This Monday, Great Lakes GrowthWorks had the pleasure and the privilege of hosting a community discussion on “The Role and Impact of Infusing Purpose in Your Work” at our office on Main St. About fifty local entrepreneurs and friends joined us to explore ways of understanding purpose and incorporating it into our work. We welcomed four inspirational leaders to share their experiences and perspectives: Bill Brinkerhoff, founder of Argus Farm Stop; Esther Kyte, associate director of partner relations for the Center for Positive Organizations; David Myers, founder of Mighty Good Coffee; and Annie Rubin, founder of Steeps Fitness.
Our panel of experts shared their valuable thoughts on how putting purpose at the heart of their business model enables their work to better recognize and meet the needs of their customers, whether that’s bringing psychological well-being and insights into a physical fitness program or helping local farmers connect with consumers. They answered important questions on how to communicate purpose, how to scale as organizations grow, and the ways that reconnecting with our younger selves can help hone purpose. Esther Kyte provided insights from the Center for Positive Organization’s research on the myriad ways virtuous qualities in organizations translate to profits and productivity. However, our discussion primarily centered on recognizing the lived realities of purpose and the diverse paths and strategies by which purpose comes to play a central role. We were able to identify these seven simple yet crucial things to keep in mind when developing your purpose:
Some organizations start with a purpose in mind and others have to go through a process of retroactively discovering their purpose.
And that’s ok. Esther shared with us a great story of how the quest itself to find purpose created amazing opportunities for both the bottom and top of an organization to reflect on and participate in a process that ultimate generated tremendous rewards. You don’t have to have an answer now, but an answer is definitely something worth pursuing.
Purpose doesn’t have to be grandiose or world-changing. It’s not a competition.
Purpose can seem like such a lofty word, but a purpose doesn’t have to center on world peace or eradicating poverty in order to be both deeply personally meaningful and have a positive impact on the community and lives of those around us. It’s about what we want to accomplish and how we want to engage the world, not what sounds best on paper. Don’t compare your purpose to another person’s.
It’s easy to get caught up in a perceived need to do something “business-school worthy.”
This can be very tricky. Many of us do feel pressure to live up to whatever we understand to be the expectations established by our education or background. We can get caught up in immediate practical needs and the years fly by. For some of us the challenge is to remain thoughtful and focused on developing our focus and letting it guide those practical decisions. For others, maybe the solid foundation built over the years enables us to pursue purpose more intently. Or maybe those experiences built up over the years give us the drive to walk away from a dissatisfying situation and start something new.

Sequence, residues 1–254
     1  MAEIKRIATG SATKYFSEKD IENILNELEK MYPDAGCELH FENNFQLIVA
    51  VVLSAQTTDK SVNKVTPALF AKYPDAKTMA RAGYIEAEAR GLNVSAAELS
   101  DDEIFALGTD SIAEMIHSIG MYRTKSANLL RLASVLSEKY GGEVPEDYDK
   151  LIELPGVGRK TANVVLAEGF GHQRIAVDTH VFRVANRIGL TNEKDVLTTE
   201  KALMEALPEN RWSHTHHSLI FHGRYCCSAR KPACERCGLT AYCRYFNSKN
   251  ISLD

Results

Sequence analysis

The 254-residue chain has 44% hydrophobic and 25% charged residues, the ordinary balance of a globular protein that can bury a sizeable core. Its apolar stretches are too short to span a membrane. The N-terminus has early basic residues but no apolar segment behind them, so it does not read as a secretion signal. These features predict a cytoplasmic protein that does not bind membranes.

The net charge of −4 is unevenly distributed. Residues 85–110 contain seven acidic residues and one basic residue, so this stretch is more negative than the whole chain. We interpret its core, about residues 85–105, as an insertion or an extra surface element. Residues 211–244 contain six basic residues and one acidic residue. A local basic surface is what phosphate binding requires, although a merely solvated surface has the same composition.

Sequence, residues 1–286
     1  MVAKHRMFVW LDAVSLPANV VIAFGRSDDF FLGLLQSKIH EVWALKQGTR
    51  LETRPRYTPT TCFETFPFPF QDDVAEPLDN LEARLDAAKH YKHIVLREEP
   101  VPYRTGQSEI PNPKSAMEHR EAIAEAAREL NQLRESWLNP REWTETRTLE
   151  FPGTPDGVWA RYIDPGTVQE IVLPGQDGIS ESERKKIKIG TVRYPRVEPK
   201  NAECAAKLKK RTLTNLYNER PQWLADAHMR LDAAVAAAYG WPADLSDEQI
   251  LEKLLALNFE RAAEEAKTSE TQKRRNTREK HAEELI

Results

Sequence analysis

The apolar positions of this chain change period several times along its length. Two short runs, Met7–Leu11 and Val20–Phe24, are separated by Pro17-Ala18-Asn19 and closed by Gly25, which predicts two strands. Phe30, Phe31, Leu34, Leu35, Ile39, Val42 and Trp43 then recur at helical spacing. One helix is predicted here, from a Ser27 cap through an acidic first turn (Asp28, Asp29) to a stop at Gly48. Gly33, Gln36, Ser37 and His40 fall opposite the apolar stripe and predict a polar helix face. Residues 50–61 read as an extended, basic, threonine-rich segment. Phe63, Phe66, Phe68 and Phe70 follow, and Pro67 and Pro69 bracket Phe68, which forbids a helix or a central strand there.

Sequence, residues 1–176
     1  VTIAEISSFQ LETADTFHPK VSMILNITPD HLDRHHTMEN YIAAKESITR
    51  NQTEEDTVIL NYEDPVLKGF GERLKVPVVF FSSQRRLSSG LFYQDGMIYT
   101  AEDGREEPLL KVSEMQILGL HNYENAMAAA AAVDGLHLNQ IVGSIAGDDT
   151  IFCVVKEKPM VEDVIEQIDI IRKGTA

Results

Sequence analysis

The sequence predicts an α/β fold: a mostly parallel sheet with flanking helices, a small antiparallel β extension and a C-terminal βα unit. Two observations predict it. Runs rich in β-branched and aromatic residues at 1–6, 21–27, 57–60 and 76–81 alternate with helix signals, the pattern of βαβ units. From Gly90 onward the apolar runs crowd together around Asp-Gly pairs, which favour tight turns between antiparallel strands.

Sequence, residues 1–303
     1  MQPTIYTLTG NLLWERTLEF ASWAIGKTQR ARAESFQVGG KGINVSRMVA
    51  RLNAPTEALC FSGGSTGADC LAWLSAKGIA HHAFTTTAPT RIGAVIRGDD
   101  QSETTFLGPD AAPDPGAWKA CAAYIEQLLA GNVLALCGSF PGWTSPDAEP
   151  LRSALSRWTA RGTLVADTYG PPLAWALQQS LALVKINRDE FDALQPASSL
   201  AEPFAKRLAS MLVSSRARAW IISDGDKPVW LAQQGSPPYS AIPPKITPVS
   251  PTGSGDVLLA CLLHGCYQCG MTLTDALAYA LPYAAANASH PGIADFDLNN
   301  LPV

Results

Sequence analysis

We change. Our lives change. And purpose can change, too.
As time goes by, purpose evolves and should be reexamined no matter what extent we have previously been driven by purpose. Life events can take us in new directions that we would never expect or which may not have been relevant before. Stay open and responsive to changes in purpose.
Negative experiences and dislike can shape our purpose as much as things we enjoy.
Understanding the things that don’t make us happy can empower us to make better decisions about the things we do want to dedicate ourselves to, but that unhappiness can impact the ways we develop whether or not we are conscious of it. By reflecting on and using the things that don’t interest or inspire us, they become a powerful tool to guide our educational and professional choices.
As purpose and organizations evolve, so too must the methods of communicating that purpose.
The size of an organization can definitely affect the way that purpose is communicated and instilled in its members. If there are a lot of people involved, it can grow more complicated but these large groups also tend to have more resources to invest in training and management. As purpose and organizations evolve, so too must the methods of communicating that purpose. Yet even in the largest organizations there can be great value in a bottom up approach to discussing purpose, as members at all levels find their personal connection and contribution to the organization’s purpose.
Putting purpose front and center leads to making the right decisions.
When the purpose of your organization is upfront and crystal clear, it doesn’t just help communication, it can lead to better decision making without labored debate. When the mission of an organization is thoroughly embedded, it can guide actions and responses even beyond immediate questions of sales. This level of consistency and sincerity in turn conveys authenticity and strengthens the brand.
Thanks again to all of the people who participated and helped to make this event so special! We especially appreciate Kate Roos, director of the Aartworks Project; Matt Tait, founder and lead product designer at Tait Design Co.; Ryan Van Bergen, co-owner and head coach at Blue Lion Fitness; and Josh Charlip, founder and president of Cool Jack’s Handcrafted Cookies and Ice Cream, for their wonderful presentations and insights into purpose. We hope to see you all again next time!